If you’ve passed your 64th birthday it’s time to plan your Medicare enrollment. What you need to do (and it may be nothing) before you’re 65 depends on whether you’re currently working or currently receiving Social Security retirement or disability benefits.1
What is Medicare Part B?
While Medicare Part A covers hospital bills, Medicare Part B covers outpatient medical services. These include visits to healthcare providers, ambulance services,2 and supplies, such as walkers and infusion pumps.3 Medicare Part B covers 80% of the cost of approved services and supplies.
How Much Does Medicare Part B Cost?
There is a monthly premium for both Medicare Part A and Medicare Part B. However, most people don’t have to pay a Part A premium because they paid Medicare taxes while working. All enrollees, however, pay a monthly Part B premium, and the premium amount may depend upon your income.5 If you need assistance affording Part B premiums, there are federal and state programs that can help.6
Income-Adjusted Premium (IRMAA)
About 7% of beneficiaries will pay a higher Part B premium due to the Medicare Income-Related Monthly Adjustment Amount (IRMAA).7 If your individual income is $88,000 or more, or joint income is $176,000 or more, you will be charged a higher Part B premium. Income-adjusted premiums range from $207.90 to $504.90 a month, depending on income.
Standard Premium for 2020
If your income is less than $88,000 for an individual or $176,000 for a joint tax return, you pay the standard premium. The standard part B premium for 2021 is $148.50 a month,8 usually deducted from your Social Security check if you are receiving benefits.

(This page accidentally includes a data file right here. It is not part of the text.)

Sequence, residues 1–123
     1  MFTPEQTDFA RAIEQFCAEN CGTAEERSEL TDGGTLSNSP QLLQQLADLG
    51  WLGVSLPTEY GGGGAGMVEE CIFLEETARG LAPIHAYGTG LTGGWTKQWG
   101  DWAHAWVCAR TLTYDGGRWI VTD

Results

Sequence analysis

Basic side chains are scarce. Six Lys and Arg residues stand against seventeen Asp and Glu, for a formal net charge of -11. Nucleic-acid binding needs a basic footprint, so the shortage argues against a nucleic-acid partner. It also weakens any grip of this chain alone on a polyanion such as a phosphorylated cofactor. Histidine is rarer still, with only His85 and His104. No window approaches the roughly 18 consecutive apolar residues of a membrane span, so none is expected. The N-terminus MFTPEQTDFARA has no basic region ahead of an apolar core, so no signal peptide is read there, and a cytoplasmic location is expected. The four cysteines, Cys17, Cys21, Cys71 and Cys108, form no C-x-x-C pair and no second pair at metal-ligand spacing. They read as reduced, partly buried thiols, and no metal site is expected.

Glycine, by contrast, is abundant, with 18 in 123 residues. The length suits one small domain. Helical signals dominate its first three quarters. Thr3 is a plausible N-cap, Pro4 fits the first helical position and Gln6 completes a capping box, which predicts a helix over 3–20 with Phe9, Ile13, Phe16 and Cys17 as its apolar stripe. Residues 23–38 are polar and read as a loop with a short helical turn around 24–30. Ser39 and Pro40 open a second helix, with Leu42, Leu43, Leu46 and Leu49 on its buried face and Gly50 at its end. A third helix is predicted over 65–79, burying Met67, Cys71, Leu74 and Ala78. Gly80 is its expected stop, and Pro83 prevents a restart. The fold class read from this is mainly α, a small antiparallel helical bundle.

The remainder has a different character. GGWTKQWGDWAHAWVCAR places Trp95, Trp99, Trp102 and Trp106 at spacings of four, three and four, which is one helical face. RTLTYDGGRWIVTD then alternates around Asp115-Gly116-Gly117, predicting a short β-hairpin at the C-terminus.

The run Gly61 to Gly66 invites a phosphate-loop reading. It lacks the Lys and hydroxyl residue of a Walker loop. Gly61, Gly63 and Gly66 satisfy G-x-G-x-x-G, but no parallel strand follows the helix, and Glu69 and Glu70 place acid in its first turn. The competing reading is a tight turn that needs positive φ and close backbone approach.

When Can You Enroll in Medicare Part B?
If you are eligible for Medicare (you can check here), you can sign up for Part B in the months surrounding your 65th birthday. If you sign up in the three months prior to your 65th birthday, your Part B benefits will start the first day of the month you turn 65. If you delay signing up without having creditable insurance coverage in the interim, the penalties can be quite costly and long-lasting.
When is the Initial Enrollment Period?
The seven-month Initial Enrollment Period begins three months before the month you turn 65 and ends three months after. If you wait until your birthday or longer, this could cause a gap in coverage.9
Some people are automatically enrolled in Medicare. If you are receiving benefits from Social Security or Railroad Retirement Board for at least four months before you turn 65, enrollment will occur automatically within a month of your turning 65. You should receive a red, white and blue Medicare card in the mail three months before your birthday. An exception is Puerto Rico, where Part A enrollment is automatic, but you need to sign up for Part B.
People who receive disability benefits from Social Security or Railroad Retirement Board for 24 months will automatically receive Medicare Part A and Part B. They do not need to wait until they turn 65.10
If you prefer or need to sign up yourself, you can find the Part B application form here.
When is the General Enrollment Period?